Written by Dr. Jerome Stueart, Fulbright Student 2001-2002, from Texas Tech University to Yukon College
I came from Texas to Whitehorse, Yukon Territory in the fall of 2001 on a Creative Writing Fulbright Fellowship. I went there to study Northern ecosystems and literature and to write a novel about arctic biologists in the Northern Yukon. I ended up staying not one Fulbright year, but ten years. This last December, I published a collection of stories that are as much about transformation as they are a reflection of my time in Whitehorse.
That first year, I studied at Yukon College (which has a fantastic northern focus!) and got to “do” northern biology at Kluane Lake Research Station, helping out with their snowshoe hare counts at the end of a long 10-year study—seeing what it was like to be a biologist.
I realized then that I had too little personal experience to be writing about northerners and biologists, so I stayed two more years, teaching as an adjunct at Yukon College. Eventually, I transformed the novel into a short story, “Lemmings in the Third Year” and, on the advice of fantasy writer, Terence M. Green, submitted it to Tesseracts 9, an anthology of science fiction and fantasy, where it was published in 2004, and was shortlisted for the Fountain Award from the Speculative Literature Foundation in 2005. It’s included in this collection.
But while I was busy transforming my work, Whitehorse also transformed me.
Fulbright asks you to understand another culture—not from the outside, not just through research, but by becoming part of the culture, allowing your barriers to come down, your preconceptions to be challenged, and allowing another culture to mold you.
I let the culture in, let it challenge and change me. And in that changing, I became someone better, I think. Oh, the Yukon knew how to woo me: picking cranberries on your belly in the forest; racing across a frozen lake holding on to a dogsled; canoeing the Yukon River from the city centre to the center of peace and eagles; going to the Available Light Film Festival at the Arts Centre even on a -30 day with friends; CD and book launches packed to the rafters with friends; walking home through the city on a summer night in full sunlight; hot-tubbing outside when it’s -25C, your hair freezing, talking with your gang and watching the aurora dance above you.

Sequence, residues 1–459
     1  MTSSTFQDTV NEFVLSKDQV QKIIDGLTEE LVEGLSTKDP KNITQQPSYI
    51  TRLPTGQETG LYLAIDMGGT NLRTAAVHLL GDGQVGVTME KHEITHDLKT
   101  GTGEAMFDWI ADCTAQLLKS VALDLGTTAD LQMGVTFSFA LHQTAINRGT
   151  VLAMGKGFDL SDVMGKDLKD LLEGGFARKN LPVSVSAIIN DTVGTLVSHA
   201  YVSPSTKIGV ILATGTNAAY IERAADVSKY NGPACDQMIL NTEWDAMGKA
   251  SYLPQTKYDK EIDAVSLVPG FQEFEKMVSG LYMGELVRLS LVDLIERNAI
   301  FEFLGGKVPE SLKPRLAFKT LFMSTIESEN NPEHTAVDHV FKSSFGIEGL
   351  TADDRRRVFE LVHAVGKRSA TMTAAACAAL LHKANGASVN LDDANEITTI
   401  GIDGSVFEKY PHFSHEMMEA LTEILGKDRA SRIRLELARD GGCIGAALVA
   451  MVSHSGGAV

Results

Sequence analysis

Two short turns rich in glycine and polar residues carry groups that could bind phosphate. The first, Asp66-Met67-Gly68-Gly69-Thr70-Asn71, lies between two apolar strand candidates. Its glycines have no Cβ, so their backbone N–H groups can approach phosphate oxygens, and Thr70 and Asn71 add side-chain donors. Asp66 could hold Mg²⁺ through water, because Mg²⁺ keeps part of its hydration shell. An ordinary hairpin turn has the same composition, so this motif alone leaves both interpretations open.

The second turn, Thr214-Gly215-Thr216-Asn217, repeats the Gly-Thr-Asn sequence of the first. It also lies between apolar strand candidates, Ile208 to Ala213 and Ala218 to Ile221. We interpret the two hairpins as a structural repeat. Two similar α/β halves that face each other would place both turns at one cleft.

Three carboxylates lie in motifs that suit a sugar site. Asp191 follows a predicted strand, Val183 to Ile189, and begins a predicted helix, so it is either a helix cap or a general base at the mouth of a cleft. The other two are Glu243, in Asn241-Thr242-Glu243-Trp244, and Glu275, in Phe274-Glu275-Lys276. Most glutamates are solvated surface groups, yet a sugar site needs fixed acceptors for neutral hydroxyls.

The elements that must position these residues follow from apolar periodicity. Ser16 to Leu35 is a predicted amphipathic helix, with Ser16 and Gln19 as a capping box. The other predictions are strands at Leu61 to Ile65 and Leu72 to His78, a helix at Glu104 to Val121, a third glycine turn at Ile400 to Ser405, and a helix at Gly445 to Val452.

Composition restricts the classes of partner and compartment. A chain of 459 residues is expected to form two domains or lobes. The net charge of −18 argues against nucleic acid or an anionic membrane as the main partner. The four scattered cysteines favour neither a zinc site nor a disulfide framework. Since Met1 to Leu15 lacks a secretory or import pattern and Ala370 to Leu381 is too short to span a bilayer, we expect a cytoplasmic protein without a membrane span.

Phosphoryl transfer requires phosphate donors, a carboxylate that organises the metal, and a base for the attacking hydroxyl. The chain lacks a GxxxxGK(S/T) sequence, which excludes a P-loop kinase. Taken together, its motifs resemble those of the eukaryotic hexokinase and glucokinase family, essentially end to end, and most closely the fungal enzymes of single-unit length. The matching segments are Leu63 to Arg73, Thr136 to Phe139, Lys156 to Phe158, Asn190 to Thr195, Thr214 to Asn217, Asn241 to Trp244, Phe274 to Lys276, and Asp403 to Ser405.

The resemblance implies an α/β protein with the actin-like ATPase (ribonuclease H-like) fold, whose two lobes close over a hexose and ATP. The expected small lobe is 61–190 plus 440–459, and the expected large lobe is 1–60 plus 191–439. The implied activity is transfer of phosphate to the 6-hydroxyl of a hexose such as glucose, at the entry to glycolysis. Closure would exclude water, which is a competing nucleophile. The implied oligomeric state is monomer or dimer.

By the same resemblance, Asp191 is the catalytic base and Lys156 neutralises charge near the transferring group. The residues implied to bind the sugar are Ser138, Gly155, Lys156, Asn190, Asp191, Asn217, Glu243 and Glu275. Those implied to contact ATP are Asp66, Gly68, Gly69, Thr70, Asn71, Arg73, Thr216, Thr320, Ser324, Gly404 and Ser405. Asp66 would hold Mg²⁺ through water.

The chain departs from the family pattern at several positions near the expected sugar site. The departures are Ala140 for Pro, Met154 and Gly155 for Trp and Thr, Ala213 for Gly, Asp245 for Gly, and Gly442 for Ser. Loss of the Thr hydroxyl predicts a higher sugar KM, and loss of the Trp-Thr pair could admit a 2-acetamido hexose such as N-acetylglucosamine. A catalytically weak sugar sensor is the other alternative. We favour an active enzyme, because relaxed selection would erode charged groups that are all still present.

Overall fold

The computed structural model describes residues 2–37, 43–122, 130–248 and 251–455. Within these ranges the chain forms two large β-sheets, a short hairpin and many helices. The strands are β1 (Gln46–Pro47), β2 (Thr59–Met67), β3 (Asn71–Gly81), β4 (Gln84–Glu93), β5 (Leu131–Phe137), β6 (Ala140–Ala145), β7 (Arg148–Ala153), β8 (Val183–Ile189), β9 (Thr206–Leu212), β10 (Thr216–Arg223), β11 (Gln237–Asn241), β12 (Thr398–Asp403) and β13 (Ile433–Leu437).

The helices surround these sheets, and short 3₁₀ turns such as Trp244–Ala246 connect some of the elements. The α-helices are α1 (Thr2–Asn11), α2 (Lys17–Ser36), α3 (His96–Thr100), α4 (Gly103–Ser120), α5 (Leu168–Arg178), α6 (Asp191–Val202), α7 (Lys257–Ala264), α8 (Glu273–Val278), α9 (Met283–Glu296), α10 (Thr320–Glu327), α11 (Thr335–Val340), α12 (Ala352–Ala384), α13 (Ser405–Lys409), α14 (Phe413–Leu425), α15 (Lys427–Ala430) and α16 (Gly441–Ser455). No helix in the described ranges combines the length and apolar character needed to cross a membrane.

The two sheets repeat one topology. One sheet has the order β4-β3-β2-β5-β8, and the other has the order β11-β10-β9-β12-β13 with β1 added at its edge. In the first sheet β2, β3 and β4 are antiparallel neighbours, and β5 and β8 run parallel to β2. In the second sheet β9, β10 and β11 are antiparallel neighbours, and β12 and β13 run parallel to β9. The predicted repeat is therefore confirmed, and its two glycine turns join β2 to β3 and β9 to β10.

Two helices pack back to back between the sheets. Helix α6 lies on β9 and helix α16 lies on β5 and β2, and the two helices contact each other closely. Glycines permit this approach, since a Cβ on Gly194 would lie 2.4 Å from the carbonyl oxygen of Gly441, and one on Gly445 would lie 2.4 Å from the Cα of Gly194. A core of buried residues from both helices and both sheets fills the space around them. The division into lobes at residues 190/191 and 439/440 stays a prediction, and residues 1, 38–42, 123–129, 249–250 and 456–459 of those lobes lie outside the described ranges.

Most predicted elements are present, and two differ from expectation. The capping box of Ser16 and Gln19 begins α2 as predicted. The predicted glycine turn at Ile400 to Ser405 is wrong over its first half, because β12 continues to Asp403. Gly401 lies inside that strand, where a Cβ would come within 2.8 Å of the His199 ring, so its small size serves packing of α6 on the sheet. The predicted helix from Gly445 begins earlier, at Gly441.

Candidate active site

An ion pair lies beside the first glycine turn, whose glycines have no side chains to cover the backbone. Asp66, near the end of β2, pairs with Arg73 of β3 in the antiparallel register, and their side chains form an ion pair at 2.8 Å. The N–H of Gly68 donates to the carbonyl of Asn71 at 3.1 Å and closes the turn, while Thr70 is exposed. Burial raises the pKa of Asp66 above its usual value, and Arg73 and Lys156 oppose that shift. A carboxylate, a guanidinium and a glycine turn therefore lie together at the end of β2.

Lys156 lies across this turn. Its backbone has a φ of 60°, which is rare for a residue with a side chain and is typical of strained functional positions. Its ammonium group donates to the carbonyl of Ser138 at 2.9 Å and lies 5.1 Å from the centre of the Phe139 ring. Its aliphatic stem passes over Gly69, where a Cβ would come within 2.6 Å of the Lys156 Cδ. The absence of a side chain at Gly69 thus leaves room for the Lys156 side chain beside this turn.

I was smitten.
And so I stayed nearly ten years, wanting to be a part of the city I loved. I transformed. I became a trolley conductor, a vaudevillian, a reporter stationed at Kluane Lake, a guide to the Beringia Centre, a marketer for the Arts. In the Yukon, I also grew as a writer, writing for radio and print, attending writers’ conferences, teaching, and mentoring. I became not just a better writer, but a better Yukoner.
My collection reflects the changes I went through, and the experiences I had. I was asked to write a poem for Arts in the Park based on Yukon History which became “Sam McGee Argues with his Box of Authentic Ashes”; my failed attempt at becoming a Communications officer for the Premier was used to shape a character who must confront vampires; a failed long-distance online dating trip became a talking bear love story; emceeing the Kluane Mountain Bluegrass Festival helped me write about a bluegrass band and the werewolf that lives with them; embracing myself as a gay Christian man helped me rewrite The Song of Solomon for a sasquatch and the cryptozoologist that pursues him. Nine of the stories were written in the Yukon, four of them take place there. I have more to write about the Yukon because the Yukon is now a part of me.
I thought I was writing a novel and I needed Fulbright to get me to the north. I would get my research done, get back to academia, write the novel. But I fell in love with a place, and, as you do when you’re in love, you let love change you. As my knowledge of the north expanded, so did my reasons for writing and what I wanted to say. I became someone different and that changed the stories I would write.
This book is about transformation—whether you will become the best you or the beast you, and how you influence others. The Yukon—starting with my Fulbright year–helped me find the best me, and may have unleashed a bit of my beast too. But as you’ll find out, that’s okay too.
Dr. Jerome Stueart recently published “The Angels of Our Better Beasts.” ChiZine Publications.